The smartphone application known as 'Smart Pakem,' features a list of groups, including Ahmadiyya, as well as Gafatar, which the Indonesian Ulema Council (MUI) considers a deviant sect. (Antara Photo/Akbar Nugroho Gumay)

New App to Report 'Misguided' Religion Risks Dividing Neighbors, Komnas HAM Says


NOVEMBER 26, 2018

Jakarta. The National Commission on Human Rights expressed concern on Monday over the launch of a smartphone application by the Jakarta Prosecutor's Office, which allows members of the public to report religious beliefs they consider "misguided."

Indonesia has no state religion but has traditionally required citizens to register as Muslim, Catholic, Protestant, Hindu, Buddhist or Confucian, though last year the Constitutional Court affirmed the rights of faiths outside official religions after a challenge by some indigenous faiths.

Nonetheless, there remain concerns about rising intolerance in the world's biggest Muslim-majority country as well as the use of strict blasphemy laws against minorities and the targeting of Islamic sects such as the Ahmadiyya.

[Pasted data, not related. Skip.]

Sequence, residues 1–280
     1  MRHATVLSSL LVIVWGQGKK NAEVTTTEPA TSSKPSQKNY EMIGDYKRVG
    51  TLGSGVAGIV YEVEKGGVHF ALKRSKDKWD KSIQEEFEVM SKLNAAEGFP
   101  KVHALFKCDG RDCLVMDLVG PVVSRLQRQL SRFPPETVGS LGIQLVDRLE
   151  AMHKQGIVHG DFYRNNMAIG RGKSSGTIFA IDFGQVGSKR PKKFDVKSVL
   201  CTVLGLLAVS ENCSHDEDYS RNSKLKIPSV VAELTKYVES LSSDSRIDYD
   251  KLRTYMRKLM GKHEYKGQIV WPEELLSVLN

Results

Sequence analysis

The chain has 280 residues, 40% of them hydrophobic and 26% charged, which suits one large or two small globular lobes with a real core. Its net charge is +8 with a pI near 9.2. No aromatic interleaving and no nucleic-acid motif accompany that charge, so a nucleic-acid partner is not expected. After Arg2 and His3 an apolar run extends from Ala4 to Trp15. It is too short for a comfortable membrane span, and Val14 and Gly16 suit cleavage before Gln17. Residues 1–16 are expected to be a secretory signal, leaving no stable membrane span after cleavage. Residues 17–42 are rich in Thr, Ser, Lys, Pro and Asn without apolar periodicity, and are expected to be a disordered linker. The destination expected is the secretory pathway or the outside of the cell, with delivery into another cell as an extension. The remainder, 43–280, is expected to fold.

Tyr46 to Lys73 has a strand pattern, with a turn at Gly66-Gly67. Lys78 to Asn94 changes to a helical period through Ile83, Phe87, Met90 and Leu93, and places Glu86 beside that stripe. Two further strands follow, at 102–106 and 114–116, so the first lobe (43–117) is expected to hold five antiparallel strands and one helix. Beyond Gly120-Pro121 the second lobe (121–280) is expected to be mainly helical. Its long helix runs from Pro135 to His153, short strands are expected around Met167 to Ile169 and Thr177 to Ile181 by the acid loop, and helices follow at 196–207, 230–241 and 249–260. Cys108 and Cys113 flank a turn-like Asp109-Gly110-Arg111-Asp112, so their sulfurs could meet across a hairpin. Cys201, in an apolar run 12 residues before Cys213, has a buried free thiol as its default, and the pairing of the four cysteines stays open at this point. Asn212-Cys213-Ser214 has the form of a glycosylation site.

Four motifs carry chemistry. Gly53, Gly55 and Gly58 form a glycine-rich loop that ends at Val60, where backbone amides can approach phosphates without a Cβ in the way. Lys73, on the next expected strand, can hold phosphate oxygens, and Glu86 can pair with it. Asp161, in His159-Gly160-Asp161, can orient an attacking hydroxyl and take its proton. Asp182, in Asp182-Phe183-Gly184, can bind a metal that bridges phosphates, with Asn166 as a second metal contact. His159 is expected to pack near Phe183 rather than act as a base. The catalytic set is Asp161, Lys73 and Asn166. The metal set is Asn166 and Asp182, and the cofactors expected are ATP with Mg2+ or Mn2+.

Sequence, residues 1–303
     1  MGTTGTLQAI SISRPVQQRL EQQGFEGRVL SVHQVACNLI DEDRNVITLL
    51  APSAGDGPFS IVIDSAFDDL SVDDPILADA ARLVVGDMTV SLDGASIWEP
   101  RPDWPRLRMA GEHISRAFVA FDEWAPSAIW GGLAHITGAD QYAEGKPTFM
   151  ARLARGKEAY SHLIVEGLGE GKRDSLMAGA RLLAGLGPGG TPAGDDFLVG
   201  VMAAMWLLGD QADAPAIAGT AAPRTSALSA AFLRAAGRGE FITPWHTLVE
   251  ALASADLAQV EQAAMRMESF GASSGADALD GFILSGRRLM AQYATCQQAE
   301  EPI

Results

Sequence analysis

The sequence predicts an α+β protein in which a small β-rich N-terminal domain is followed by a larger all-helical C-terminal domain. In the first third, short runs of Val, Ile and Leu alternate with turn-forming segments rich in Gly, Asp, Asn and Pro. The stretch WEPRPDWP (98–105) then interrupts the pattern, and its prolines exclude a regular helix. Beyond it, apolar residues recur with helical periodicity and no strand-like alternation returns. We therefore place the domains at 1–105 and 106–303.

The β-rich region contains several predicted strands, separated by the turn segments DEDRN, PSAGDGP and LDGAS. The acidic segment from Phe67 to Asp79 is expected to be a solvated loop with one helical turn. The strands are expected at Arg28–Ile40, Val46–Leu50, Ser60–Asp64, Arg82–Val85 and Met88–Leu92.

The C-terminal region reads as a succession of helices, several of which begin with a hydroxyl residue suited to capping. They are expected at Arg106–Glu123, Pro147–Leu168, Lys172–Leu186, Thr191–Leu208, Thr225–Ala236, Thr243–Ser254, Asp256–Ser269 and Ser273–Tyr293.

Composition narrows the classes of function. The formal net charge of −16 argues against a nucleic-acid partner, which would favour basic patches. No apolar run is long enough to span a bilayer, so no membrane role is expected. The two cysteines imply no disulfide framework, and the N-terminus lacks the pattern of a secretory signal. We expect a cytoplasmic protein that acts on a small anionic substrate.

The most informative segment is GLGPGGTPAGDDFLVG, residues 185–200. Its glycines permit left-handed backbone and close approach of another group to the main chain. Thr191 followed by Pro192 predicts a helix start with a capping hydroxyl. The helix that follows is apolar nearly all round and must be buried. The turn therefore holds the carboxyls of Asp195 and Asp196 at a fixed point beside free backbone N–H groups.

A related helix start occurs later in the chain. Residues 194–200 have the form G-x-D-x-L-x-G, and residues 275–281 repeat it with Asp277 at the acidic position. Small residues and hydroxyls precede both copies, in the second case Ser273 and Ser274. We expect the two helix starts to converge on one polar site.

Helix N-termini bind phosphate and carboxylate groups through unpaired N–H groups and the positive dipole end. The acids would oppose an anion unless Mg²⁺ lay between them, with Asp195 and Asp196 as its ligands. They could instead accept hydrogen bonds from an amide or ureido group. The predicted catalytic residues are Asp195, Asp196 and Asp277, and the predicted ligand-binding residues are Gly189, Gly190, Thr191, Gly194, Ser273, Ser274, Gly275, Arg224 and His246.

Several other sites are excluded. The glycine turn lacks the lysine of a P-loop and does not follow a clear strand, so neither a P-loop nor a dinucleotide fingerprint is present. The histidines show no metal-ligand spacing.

The app, known as "Smart Pakem," features a list of groups, including Ahmadiyya, as well as Gafatar, which the Indonesian Ulema Council (MUI), the country's top Muslim clerical body, considers a deviant sect.

It was not clear what the list represented, but some of the groups such as Gafatar have been outlawed and the app has a link that allows members of the public to report organizations deemed harmful.

The app could have a "dangerous consequence by causing social disintegration,' said Amiruddin Al-Rahab, a commissioner at the National Commission on Human Rights (Komnas HAM).

"When neighbors are reporting each other, that would be problematic," Amiruddin told Reuters.

Despite facing a backlash from human rights groups, the free app was available for download on Google Play on Monday afternoon.

Amiruddin said since the app's features were not running in full, it was unclear whether the prosecutor's office would include detailed guidance on the kind of organization categorized as "harmful" or beliefs deemed as "misguided."

"Don't leave the people in confusion; if people are confused, they will take matters into their own hands," he said, adding that the app could also contravene the Constitutional Court's ruling last year on the rights of devotees of faiths outside the state-recognized religions.

The Jakarta Prosecutor's Office could not immediately be reached for comment.

Yulianto, an official at the Jakarta Prosecutor's Office, was quoted as saying by that the app aimed to educate people and to increase the transparency of the reporting process.

The Attorney General's Office has the authority under the law to monitor religions in case beliefs are deemed a threat to the community. It can also establish teams to examine such claims.